By Lissa Price
Content Rating: PG
Coffee Beans: 3.5/5
Spoilers: Only a little
Favorite Line: It looked like a giant dandelion breaking apart, daytime fireworks that spread and then rained. (ebook, pg 203)
In the future, teens rent their bodies to seniors who want to be young again. One girl discovers her renter plans to do more than party--her body will commit murder, if her mind can't stop it. Sixteen-year-old Callie lost her parents when the genocide spore wiped out everyone except those who were vaccinated first--the very young and very old. With no grandparents to claim Callie and her little brother, they go on the run, living as squatters, and fighting off unclaimed renegades who would kill for a cookie. Hope comes via Prime Destinations, run by a mysterious figure known only as The Old Man. He hires teens to rent their bodies to seniors, known as enders, who get to be young again. Callie's neurochip malfunctions and she wakes up in the life of her rich renter, living in her mansion, driving her cars, even dating Blake, the grandson of a senator. It's a fairy-tale new life . . . until she uncovers the Body Bank's horrible plan. . . .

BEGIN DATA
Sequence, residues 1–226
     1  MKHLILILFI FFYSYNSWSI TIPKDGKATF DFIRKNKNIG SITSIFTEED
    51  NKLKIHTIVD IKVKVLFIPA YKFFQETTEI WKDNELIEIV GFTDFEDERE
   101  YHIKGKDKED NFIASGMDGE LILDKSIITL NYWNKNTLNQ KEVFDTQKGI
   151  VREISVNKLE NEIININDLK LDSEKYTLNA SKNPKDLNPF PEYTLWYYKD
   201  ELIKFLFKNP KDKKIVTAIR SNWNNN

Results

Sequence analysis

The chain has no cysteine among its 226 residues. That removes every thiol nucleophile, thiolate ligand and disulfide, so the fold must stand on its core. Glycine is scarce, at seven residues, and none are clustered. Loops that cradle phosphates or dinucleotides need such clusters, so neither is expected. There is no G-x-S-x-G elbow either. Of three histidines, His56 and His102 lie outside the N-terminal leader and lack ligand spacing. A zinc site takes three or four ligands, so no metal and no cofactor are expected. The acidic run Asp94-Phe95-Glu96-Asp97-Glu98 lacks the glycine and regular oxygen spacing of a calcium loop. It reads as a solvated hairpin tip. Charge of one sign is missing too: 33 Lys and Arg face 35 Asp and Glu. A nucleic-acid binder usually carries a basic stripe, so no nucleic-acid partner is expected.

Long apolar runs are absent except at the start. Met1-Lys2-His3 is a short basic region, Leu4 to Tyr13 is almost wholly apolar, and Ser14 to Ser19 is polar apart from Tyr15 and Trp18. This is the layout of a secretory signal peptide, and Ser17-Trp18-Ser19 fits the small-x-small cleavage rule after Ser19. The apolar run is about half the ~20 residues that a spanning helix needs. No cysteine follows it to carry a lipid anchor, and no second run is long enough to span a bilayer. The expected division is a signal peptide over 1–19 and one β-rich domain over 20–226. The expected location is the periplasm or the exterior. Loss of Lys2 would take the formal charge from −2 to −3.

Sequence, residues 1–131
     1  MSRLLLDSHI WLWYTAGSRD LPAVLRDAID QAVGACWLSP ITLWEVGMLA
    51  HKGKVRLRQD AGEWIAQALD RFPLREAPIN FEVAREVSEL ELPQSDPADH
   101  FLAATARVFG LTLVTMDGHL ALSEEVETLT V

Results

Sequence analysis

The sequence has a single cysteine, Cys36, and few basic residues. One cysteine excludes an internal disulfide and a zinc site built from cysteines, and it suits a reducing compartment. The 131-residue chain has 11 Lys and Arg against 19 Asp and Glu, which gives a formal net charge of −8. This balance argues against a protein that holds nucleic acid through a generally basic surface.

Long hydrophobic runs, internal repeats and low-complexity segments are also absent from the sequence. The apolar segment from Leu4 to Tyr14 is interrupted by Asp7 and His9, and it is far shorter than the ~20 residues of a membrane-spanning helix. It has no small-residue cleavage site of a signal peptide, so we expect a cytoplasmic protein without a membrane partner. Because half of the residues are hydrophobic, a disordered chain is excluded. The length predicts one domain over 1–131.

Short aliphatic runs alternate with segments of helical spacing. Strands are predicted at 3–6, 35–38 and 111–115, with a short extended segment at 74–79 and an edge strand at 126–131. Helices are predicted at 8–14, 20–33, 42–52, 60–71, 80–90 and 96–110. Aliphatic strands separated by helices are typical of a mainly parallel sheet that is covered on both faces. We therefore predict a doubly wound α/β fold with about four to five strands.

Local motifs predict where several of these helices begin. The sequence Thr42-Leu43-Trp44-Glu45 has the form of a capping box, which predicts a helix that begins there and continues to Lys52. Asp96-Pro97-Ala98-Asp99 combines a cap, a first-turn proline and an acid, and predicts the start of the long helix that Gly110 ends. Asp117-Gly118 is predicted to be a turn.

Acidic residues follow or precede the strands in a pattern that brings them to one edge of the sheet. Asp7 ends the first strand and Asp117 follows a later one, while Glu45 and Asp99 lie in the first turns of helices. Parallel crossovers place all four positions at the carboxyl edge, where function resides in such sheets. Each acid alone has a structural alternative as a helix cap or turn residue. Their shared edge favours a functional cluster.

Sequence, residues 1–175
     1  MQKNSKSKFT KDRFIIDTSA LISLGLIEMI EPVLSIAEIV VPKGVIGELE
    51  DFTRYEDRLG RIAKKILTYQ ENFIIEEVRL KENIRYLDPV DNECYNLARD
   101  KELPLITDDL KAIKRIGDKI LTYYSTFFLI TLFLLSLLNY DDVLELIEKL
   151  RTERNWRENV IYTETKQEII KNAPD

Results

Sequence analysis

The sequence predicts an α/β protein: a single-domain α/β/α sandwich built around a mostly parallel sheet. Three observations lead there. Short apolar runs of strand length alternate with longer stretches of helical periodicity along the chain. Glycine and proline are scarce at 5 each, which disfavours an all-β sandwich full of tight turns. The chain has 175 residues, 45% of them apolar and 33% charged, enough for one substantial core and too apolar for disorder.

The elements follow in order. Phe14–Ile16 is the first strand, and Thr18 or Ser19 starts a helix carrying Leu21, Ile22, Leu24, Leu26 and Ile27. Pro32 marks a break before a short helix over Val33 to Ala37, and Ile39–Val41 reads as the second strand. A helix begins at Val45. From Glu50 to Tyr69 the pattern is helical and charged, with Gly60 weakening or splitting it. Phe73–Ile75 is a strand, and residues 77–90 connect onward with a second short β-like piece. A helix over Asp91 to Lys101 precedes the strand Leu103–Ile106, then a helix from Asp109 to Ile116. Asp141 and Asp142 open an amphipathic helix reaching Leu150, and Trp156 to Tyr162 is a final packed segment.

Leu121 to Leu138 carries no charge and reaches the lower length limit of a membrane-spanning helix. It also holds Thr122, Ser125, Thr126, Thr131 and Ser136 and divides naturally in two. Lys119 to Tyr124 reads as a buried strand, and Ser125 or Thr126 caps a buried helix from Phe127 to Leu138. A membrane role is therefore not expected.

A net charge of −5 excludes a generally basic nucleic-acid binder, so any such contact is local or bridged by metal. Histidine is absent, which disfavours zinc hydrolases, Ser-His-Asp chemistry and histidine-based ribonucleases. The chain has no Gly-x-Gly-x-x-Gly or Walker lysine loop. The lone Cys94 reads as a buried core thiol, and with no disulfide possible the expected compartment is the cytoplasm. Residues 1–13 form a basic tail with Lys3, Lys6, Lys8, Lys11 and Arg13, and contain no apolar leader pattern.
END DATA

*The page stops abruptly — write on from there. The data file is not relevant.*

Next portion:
I loved the fresh idea in this dystopian world. The fact that Enders (or really old people) rent the bodies of Starters (teenagers and younger) to live life again, is fantastic and creepy. The writing was good and the plot exciting.
There were only a couple of issues I had with what I read. And I was on the fence between being annoyed and thinking that Price was pretty stinkin clever.
Some sort of malfunction/tampering causes Callie to black out out while she's being rented, going from being back in her real body to back at the Body Bank. Some plot holes/progression and relationship building were "fixed" this way. Almost as if the author didn't know how to properly build the romantic relationship between Callie and Blake, so she laid its foundation when Callie was passed out and not in control. Same with a few other key plot points. It felt a little…wrong.
The end was a little too sunshine and rainbows for my liking. In dystopian tales, I like my endings more the flavor of "poetic justice" or "good enough". The world sucks. Sunshine and rainbows shouldn't exist.
Over all, I thought this was a very interesting and unique book with a brilliant premise. The execution was good, but the writing felt a bit lower-end YA to me. Worth my time reading it and I'll for sure be picking up the next installment, Enders, when it comes out December 4, 2012.
Pick it up and check it out. It's pretty dang good.
Happy reading, my friends!